Soaps With The Handmade Touch

Their are many benefits when it comes to products that are homemade. Beyond helping to support an entrepreneur, many of the products can have the benefit of no additives among other things.

Kristi Mott’s son had some skin problems as a baby and she found that her homemade soaps actually helped him when the store bought soaps couldn’t. Because her soaps are handmade they do not have the extra additives that other soaps tend to have. Started in December of 2007, her business is still just starting to take off.

I got the opportunity to do an interview with Kristi about her business, her Etsy store and being a mompreneur.

What is Soap Scent-sations?

Soap Scent-sations is hand-poured, handmade soap and bath products that I make in my home and sell from my home via etsy and private sales. The products are lightly scented and as natural as possible. My goal is to keep the products very lightly scented for people (like myself) who are sensitive to strong smells, and also gentle for sensitive skins.

What was your inspiration for your business?

I had been making soaps for a couple of years and giving it as gifts and using it in my own house, especially with my young son who had skin problems as an infant. After discovering they really helped him and that I liked them, I really started researching even more the qualities that make good soap for happy skin. Then a lot of people started asking to buy the soaps or encouraging me to put them up for sale. With those things combined I started Soap Scent-sations with sensitive skin and noses in mind.

What types of things did you need to do to get your business up and running?

1. Licenses and all the legal stuff
2. Quality ingredients from reliable suppliers
3. Fun and functional packaging
4. Soap making equipment
5. Lots of guts–running a business isn’t always easy–especially for someone who is so focused on the creative aspect of it.

What type of investment did you have to make?

Initial investments were very low. A few pieces of equipment, some packaging supplies, and the ingredients. I try to keep my supplies in small quanties so that when I ship out a product it is as fresh as possible.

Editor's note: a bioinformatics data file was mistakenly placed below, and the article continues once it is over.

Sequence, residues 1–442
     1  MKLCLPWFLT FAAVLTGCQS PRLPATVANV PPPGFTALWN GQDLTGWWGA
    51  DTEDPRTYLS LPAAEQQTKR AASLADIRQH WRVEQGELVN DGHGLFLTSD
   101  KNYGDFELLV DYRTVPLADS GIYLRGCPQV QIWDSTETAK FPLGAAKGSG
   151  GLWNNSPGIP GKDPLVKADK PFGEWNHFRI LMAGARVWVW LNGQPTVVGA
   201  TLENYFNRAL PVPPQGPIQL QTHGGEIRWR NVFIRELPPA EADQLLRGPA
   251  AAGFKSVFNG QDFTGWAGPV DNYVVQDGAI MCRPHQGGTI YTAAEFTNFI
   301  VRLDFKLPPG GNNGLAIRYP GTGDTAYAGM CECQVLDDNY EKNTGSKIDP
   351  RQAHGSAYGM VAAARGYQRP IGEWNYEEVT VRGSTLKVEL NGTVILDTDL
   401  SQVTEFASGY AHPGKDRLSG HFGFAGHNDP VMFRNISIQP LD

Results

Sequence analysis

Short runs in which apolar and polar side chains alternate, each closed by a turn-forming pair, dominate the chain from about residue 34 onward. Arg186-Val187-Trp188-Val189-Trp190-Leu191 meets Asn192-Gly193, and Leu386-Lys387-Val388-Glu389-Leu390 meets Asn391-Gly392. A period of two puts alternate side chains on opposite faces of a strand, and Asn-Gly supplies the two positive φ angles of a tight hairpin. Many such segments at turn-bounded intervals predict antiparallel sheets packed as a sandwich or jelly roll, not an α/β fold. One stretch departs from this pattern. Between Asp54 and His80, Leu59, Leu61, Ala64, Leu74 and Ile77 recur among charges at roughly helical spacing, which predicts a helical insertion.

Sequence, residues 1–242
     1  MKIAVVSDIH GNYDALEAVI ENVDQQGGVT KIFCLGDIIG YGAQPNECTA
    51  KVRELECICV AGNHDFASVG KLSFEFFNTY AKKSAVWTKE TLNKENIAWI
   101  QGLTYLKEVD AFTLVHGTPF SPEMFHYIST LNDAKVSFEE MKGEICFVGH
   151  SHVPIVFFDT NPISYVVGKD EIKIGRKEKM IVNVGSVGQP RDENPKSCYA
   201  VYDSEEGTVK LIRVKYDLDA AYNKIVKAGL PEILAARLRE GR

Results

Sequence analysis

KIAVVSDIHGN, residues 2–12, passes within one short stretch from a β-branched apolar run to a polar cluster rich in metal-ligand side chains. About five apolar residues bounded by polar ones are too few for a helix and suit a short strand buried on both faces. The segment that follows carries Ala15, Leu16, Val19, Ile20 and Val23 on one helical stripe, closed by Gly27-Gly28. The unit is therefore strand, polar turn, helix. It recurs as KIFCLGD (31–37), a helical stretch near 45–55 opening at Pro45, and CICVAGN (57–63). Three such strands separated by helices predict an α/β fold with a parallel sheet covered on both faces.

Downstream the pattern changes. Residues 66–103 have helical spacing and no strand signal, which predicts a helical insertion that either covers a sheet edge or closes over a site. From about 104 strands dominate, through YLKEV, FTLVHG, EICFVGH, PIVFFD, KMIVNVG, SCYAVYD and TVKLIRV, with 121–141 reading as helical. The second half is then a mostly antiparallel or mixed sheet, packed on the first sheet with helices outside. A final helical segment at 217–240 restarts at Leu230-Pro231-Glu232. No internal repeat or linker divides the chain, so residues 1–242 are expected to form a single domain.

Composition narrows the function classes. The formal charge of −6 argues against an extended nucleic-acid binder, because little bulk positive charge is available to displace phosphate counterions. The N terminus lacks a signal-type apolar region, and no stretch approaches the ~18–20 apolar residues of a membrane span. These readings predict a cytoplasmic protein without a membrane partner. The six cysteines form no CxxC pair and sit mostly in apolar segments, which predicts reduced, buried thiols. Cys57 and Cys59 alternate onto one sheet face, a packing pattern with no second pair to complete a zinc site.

Did you have any experience or education that you were able to apply once you got started?

I grew up in family business. You really learn work ethic and how to treat people when your meals depend on it. I have a Bachelor’s Degree in Secondary Education-Speech/Drama. I guess that is my creative side showing through. And I have six and a half years of parenting behind me that has taught me to be flexible and to have a sense of humor about the things that go wrong. Not every day is going to be perfect and you just have to know how to get through because tomorrow will be totally different.

Have you learned anything since you launched that you wish you’d known before?

How to prep taxes and more of the “business” side of things is sometimes a challenge. More research ahead of time would have kept me from stressing more than once.

What was the deciding factor in choosing Etsy as your store location?

I heard of Etsy through a friend and did some research. I really wanted to launch on-line, but the cost of operating your own site/domain/etc was going to be way out of my budget. Etsy allows me to sell my wares at a relatively low cost and offers security in payment. Related to that thought, I like that I can accept credit cards without having to have my bank account set up to accept them (another cost that is not in the budget in the early stages of this venture). It is such a great community of people. It sort of feels like home–other people out there making things with their hands and sharing them with the world. It is very “ME”. I am proud to put my products out there with all the other great stuff at Etsy.

Where you able to apply anything you have learned as a parent to running your business?

I think I touched on that earlier. With kids you can’t let the little things get to you and you have to have a sense of humor. I once sent an e-mail to my husband to pick up some supplies for me on his way home…but I sent it another person in my address book by the same name…it was really embarrassing, but it made us both laugh! I always double check my “to:” line now! I have also learned patience. There are days when I think, “Am I going to ever make a sale??” And I wait and then something good comes along…a single bar, a large custom order, a positive review from a customer. On those days I try to focus on development–new products, better packaging, overall look of everything, etc.

How do you manage your time between being a parent and your business?

I think the business is a great learning experience for the kids, they get to learn how to entertain themselves when mommy has to finish up an order and they get to see how I make decisions about where, when I sell and advertise. I try not to start anything that I know I can’t done before meal/nap time. I don’t start my work day until 9am and stop by 4:30pm. And if I have anything I really have to finish I wait til the kids are in bed. They are my first priority…if there comes a time when soap gets in the way of that first duty I will quit. There are days when I do just stop…this is not as important…let’s play, read, or go to the park.

Do you have any advice that you’d like to share with other moms who might be interested in starting their own business?

Do lots of research about licenses, bookkeeping, tax rules, etc. Know your stuff–your products. Don’t sell yourself short–make sure you price your stuff what it is worth, not what you think it will sell for. Have fun–the idea is to make money, but if it isn’t fun, it isn’t worth it to me.

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